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We are completely immersed in nature here on our peninsula in Studland on the Jurassic Coast in Dorset, watching our heath, shoreline and woodland change throughout the seasons is a constant source of inspiration for us. We have designed our foraging and wild food adventures to get you close to nature and to let us guide you through what makes this area of Dorset so special and unique.
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The Hutquarters, Middle Beach, Studland
01929 761515 | 07933 507165
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01929 761515 | 07933 507165

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Forest School | Crafting a Natural Christmas


Forest School | Crafting a Natural Christmas

It’s the first week of December. For us at the Fore Hutquarters that means that it is totally legitimate to get our Christmas craft on (with an obligatory nature twist of course…).


Where we are, on Dorset’s Jurassic Coast, we have access to a whole host of wild environments; from the beach to the heathland and into the woods. And that means an exciting crop of foraged finds to choose from to get creating some festive cheer out of.

That’s what Forest School, a workshop we run, is all about. Getting us humans outdoors, exploring our environment and creatively engaging with it. And this Christmas challenge has Forest school written all over it!

This week, with foraging baskets in arms, the Fore family headed out into our Jurassic home turf on a natural treasure hunt. We reckon we found some natural corkers to make a simple, nature inspired Christmas.


Here’s a handful of crafty how-to’s:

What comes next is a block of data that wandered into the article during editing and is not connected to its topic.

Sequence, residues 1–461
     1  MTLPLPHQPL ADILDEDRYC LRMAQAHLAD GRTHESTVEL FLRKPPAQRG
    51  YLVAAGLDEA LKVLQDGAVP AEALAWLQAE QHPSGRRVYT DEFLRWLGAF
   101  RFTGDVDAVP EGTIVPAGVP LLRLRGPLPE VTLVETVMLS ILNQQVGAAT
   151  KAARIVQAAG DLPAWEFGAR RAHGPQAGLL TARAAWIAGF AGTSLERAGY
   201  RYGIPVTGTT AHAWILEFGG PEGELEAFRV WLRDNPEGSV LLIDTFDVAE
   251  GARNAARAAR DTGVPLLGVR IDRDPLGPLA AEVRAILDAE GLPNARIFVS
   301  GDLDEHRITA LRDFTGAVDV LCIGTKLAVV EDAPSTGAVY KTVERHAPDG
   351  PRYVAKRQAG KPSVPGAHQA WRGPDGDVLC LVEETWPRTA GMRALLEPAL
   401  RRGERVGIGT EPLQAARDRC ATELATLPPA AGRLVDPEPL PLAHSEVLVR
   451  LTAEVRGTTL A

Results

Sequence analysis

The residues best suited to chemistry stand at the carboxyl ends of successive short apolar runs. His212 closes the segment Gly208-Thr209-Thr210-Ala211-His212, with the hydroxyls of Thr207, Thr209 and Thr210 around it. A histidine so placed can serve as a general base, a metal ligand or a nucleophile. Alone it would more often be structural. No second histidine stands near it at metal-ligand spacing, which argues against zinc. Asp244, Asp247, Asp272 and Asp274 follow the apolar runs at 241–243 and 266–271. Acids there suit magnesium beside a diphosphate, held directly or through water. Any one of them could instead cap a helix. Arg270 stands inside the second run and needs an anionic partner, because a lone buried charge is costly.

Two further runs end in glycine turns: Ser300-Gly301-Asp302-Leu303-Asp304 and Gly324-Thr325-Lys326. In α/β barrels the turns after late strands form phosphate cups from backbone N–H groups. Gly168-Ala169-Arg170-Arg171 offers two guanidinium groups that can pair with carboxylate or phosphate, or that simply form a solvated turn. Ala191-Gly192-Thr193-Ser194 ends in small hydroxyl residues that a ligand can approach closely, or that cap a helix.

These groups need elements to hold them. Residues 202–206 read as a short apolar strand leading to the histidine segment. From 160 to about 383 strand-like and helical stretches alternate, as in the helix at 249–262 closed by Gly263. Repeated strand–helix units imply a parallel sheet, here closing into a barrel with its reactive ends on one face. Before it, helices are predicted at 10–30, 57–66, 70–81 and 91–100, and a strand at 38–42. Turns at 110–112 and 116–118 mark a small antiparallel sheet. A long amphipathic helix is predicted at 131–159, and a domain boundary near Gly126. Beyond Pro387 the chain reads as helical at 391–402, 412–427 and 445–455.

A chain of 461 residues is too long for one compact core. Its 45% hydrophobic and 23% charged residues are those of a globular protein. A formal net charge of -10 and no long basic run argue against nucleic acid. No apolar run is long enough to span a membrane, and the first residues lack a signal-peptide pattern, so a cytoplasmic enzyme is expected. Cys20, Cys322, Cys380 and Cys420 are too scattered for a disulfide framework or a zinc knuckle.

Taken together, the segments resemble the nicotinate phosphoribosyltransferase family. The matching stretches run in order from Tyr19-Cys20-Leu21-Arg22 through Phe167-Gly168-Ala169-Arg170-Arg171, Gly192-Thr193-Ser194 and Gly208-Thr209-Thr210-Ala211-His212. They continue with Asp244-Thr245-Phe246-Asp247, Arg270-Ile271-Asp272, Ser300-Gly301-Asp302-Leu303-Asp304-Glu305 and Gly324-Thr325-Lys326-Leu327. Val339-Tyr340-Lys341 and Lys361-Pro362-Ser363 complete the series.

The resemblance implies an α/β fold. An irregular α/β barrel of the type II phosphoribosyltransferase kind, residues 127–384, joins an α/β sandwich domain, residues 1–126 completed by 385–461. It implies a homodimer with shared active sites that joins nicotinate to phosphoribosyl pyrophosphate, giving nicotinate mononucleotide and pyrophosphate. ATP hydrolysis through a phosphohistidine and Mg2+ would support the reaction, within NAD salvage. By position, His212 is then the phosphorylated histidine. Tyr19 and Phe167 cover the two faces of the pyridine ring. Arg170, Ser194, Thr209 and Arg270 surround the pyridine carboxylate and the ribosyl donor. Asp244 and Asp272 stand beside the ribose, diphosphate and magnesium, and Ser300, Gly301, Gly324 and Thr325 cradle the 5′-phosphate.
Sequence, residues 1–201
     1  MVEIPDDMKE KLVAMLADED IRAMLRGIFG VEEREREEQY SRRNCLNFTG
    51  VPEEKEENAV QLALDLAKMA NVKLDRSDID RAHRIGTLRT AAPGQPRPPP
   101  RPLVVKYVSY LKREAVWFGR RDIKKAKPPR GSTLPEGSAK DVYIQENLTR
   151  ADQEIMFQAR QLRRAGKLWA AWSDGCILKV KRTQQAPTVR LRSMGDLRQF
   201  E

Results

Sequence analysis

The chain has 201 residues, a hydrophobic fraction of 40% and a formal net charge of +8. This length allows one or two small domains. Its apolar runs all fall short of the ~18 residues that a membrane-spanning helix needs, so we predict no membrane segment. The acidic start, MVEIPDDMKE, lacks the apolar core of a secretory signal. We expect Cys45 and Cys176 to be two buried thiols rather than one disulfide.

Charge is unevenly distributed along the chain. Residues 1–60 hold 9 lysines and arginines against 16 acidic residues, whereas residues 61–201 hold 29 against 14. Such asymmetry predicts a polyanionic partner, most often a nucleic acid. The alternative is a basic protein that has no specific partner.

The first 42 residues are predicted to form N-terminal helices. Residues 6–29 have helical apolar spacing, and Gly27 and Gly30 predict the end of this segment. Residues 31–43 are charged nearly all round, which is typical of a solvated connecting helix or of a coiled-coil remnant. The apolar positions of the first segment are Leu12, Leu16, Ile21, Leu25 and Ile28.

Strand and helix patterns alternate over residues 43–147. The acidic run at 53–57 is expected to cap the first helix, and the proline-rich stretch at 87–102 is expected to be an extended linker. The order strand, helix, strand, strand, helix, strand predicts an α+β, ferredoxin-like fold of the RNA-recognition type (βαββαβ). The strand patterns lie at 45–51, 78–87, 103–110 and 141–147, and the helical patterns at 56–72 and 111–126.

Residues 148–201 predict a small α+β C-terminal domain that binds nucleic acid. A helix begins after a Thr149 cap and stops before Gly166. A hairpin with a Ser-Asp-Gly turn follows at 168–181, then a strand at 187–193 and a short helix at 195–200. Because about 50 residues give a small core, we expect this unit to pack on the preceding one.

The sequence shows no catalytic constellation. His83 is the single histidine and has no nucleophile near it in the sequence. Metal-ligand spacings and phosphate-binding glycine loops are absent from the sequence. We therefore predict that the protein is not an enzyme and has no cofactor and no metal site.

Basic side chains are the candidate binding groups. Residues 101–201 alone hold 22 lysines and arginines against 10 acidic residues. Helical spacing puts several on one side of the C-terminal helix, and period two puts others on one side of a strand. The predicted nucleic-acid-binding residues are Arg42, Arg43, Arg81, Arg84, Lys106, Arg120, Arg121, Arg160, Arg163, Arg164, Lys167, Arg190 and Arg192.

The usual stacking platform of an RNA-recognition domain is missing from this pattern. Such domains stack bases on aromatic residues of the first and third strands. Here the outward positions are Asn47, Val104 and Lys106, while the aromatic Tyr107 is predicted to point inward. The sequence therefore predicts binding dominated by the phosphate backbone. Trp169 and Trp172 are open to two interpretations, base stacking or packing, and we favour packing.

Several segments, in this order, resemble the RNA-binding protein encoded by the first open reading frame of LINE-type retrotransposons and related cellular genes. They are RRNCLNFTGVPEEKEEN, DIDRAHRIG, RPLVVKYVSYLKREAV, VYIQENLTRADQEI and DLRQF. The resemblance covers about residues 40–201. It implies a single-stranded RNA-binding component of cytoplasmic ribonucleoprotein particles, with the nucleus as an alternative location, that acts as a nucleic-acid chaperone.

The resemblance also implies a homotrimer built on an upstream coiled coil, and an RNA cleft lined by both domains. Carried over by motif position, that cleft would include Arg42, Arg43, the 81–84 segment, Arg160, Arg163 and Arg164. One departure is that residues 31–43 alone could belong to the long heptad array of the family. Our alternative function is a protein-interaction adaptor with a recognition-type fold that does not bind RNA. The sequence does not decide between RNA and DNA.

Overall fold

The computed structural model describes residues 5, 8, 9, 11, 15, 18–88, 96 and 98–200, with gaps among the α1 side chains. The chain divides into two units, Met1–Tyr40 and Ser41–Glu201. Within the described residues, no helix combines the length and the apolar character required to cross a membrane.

Pine cones, fishing line, paintbrush & any form of glitter glue or paint you fancy!

Gather your small humans and head in to the woods to find some pine cones. Don’t worry if they are closed because you can pop them on the radiator or by the fire to dry out and as they do they will open right up

We then decided to paint the ends our our pine cones using gold paint but another option is to dip them in a pot of paint, depending on the look you want, and then you need to leave them to dry

Using a drawing pin or needle, pierce a hole in the top of your pine cone and thread your fishing line through, making a loop and tying it with a knot

And there you have it, a pine cone bauble


A branch of wood (birch works well), a hand saw, a palm drill or drill, twine, a potato and some paint

Using your hand saw (making sure you do so safely), cut 1cm wide disks from your branch

Next, with either your palm drill or drill, drill a hole near to the top of your disk (being careful not to do so too close to the edge as the disk will split)

Make a stamp our of your potato which fits the disk diameter (we made a star) and after dabbing any moisture off the potato stamp, dip into you paint and stamp your disks

After they have dried, thread your twine through the hole, making a loop and tying a knot


Shells, drill and small drill bit, fishing line, gold glitter paint/glue

Head to the beach! Get beach scavenging to find whatever you think looks good. We grabbed a selection of shells…

Using the smallest drill bit you can find, drill a hole in to your shells and finds (this can be quite tricky and took us a few attempts to get right)

Add a spot of festive to your shell and gently brush some glitter on to it

Once dried, use your fishing line and thread through the hole you made, making a loop and a knot

And bobs your uncle. Another natural decoration for that Christmas tree*

*You can also hang these on one long piece of twine to make a garland which can be hung by the fireplace or, as we have, make a wall hanging


If all that work made you hungry, have a look at last week’s post when the Fore family got out those doors adventuring to find some pine needles to make some tasty Christmas inspired biscuits from

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